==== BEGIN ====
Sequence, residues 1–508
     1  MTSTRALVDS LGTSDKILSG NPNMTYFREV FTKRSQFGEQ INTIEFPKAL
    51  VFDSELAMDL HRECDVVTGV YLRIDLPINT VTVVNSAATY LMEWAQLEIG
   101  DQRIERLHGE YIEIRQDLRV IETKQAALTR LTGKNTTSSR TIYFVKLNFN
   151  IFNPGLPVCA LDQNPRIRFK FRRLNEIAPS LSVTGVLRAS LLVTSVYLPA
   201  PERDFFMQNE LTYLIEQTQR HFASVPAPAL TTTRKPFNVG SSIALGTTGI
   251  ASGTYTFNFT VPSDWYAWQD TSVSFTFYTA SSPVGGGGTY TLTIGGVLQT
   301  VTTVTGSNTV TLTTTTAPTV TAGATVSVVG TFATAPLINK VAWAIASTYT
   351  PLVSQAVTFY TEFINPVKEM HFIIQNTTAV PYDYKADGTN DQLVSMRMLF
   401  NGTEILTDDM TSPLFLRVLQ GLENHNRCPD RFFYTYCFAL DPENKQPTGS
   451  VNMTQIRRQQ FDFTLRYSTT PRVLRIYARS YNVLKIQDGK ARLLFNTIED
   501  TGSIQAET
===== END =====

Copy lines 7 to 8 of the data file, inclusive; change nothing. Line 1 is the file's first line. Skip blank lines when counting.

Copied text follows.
   251  ASGTYTFNFT VPSDWYAWQD TSVSFTFYTA SSPVGGGGTY TLTIGGVLQT
   301  VTTVTGSNTV TLTTTTAPTV TAGATVSVVG TFATAPLINK VAWAIASTYT